Every culture has its myths and bodybuilding is no exception. Like most myths, most are nine parts fantasy and one part truth, though of course, some myths have no truth to them at all. I have spent much of my career attempting to expose myths surrounding bodybuilding and topics that relate to it, such as drugs, nutrition and supplementation etc.
For example, one of my more popular articles that was published “back in the day” in Muscle Media was entitled “Nutritional myths that won’t die” which focused on myths surrounding protein and athletes. Classics such as “athletes don’t need additional protein” and “high protein diets are bad for you” as well as others were covered and debunked.
This article, however, is not about one topic or myth, but random myths that float around and never seem to die. It’s intended to be tongue-in-cheek to be sure, but it’s still a serious attempt to combat various myths that have little or no truth behind them. Some of these myths are generated inside the bodybuilding community and some are generated outside the community, by the general public and or medical community. These are in no particular order, so let’s start with a classic:
Myth #1: “Your muscles will turn to fat the soon as you stop working out – Tissue Alchemy BS”
This is a classic used by those looking for excuses for why they have not started an exercise program and resent those that have. My own mother used to say that to me as a kid when I joined a gym at 14. There is no physiological mechanism by which muscles magically convert to fat when one stops working out for some reason. What happens, however, is that many of the gains in muscle mass will be lost from the lack of stimulation. It’s not exactly earth-shattering news that people who don’t exercise and eat above maintenance calories get fat. So what you have is often a loss of muscle and an increase in body fat due to lack of exercise coupled with excess calories. The next time you see someone who used to be buffed but is now fat, it’s not because his or her muscles some how converted to fat. They are fat for the same reason millions of others are fat: too many calories, not enough activity.
Regardless, what if it were true? That is, is the fear of this mysterious muscles to fat conversion a reason to not start a weight training program? If you stop brushing your teeth, the result is (drum roll) cavities, but that’s not a legitimate reason to never start brushing your teeth! I have gained and lost many pounds of muscle over my life time, and have worked with countless people in all phases of their life, and I have yet to see any muscles convert to fat, this myth of tissue alchemy needs to die now. I have however seen plenty of people who stopped working out and got fat.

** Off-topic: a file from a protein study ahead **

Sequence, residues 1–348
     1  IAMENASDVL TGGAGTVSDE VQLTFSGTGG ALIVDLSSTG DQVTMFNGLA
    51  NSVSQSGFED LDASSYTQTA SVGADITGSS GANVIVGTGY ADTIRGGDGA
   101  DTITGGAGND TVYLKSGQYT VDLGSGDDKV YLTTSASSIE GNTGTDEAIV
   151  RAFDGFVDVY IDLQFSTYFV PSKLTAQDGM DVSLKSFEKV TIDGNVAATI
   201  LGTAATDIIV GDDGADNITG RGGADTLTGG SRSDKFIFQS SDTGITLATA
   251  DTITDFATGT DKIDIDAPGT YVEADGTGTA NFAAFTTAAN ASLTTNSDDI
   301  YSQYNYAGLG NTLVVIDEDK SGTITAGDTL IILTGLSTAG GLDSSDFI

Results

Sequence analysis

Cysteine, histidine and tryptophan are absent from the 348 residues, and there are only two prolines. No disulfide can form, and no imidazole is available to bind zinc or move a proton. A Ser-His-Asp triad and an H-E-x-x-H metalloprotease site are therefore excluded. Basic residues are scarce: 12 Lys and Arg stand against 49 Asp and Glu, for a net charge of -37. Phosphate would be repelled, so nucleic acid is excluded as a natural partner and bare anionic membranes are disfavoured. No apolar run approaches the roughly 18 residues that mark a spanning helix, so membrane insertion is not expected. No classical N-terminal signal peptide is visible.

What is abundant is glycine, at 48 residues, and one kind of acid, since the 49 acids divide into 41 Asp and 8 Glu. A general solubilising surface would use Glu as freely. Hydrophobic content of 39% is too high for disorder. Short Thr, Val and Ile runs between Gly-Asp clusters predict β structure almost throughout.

Myth #2: “Pros eat ‘clean’ all year round”
This myth can be blamed squarely on the bodybuilding publications who want the readers to think their heroes eat low fat healthy “clean” foods year round. This has often led to newbie types attempting to get all the calories they require for growth from baked chicken, rice, and vegetables. Of course getting – say – 4000 plus calories (or more) from such foods is virtually impossible. This reality often leaves the newbie confused and depressed because he’s not making any appreciable gains attempting to stuff himself to death with foods that are low in calories. It’s very difficult to get 4000, 5000, or even 6000 calories a day from chicken and rice. Now for the reality: off-season I have sat across the table from many a pro eating cheeseburgers, pizza, and apple pie. I know one pro who used to pull over anytime he saw a Taco Bell. Big people require plenty of calories and calorie-dense foods are the only way to get them. As the late, great Dan Duchaine once said regarding off-season eating for growth: “don’t feel bad you ate a cheeseburger, feel bad you didn’t eat three!”
Now I can’t comment on every pro’s diet as I don’t know them all, and I am sure some of them have cleaner diets then others off-season. However, make no mistake: the articles you read about what pros eat off-season and what they really eat are often two different things.
As sort of an ancillary myth, most pros will carry more body fat than they claim off-season when trying to gain new muscle mass. Telling people they eat at Taco Bell and are above single-digit body fat levels does not sell magazines or supplements, so it pays to perpetuate the myth that they are hard as nails all year (with a few exceptions) and always eat “clean”.